Demographics and Monetary Policy Shocks
We decompose the response of aggregate consumption to monetary policy shocks into contributions by households at different stages of the life cycle. This decomposition finds that older households have a higher consumption response than younger households. Amongst older households, the consumption response is also increasing in income. This, along with data on age-related net wealth, presents evidence for a wealth effect playing a role in driving the response patterns. This mechanism is studied further in a partial-equilibrium life-cycle model of consumption, saving, and labor-supply decisions. The model qualitatively explains the empirical patterns. Understanding the heterogeneity in consumption responses across age groups is important for understanding the transmission of monetary policy, especially as the U.S. population grows older.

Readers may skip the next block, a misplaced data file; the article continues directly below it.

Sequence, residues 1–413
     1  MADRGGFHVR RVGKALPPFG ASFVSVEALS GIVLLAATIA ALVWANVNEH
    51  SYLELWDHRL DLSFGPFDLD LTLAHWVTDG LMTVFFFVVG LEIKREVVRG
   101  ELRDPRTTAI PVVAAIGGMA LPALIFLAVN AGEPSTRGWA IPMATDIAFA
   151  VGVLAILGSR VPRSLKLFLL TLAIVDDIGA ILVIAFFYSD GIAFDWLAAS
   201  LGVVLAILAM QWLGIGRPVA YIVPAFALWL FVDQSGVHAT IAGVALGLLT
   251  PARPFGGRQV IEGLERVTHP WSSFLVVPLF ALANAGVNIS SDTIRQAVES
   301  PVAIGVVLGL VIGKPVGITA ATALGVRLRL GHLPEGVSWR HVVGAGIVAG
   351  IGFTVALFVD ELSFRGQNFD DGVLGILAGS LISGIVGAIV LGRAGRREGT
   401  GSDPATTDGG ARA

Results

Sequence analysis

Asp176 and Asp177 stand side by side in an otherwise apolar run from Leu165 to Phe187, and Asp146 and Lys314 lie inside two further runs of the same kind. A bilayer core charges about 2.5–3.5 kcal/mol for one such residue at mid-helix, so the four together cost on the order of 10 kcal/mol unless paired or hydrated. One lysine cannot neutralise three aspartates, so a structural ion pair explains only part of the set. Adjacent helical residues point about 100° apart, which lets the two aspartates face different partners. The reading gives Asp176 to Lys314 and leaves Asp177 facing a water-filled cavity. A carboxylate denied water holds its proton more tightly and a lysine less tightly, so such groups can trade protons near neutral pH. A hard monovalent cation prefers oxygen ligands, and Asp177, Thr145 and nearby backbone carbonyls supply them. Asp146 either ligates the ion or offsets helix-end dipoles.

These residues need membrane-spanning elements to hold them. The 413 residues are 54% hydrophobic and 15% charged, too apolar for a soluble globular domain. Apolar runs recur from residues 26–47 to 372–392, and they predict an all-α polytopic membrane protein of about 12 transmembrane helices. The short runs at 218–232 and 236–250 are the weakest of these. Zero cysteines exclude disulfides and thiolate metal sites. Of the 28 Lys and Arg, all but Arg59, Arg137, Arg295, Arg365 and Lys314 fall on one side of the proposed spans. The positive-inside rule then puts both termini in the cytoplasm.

We thank Ben Pugsley and Jim Fackler for comments on an earlier draft and seminar participants at the Robins School of Business, Miami University, University of Kentucky, and the Midwest Macroeconomics Conference. Kimberly Berg received a Miami University Department of Economics Summer 2017 Research Grant to support this research. The views expressed herein are those of the authors and do not necessarily reflect the views of the National Bureau of Economic Research.
- Older households are wealthier than younger ones, and their consumption spending is more sensitive to policy-induced changes in...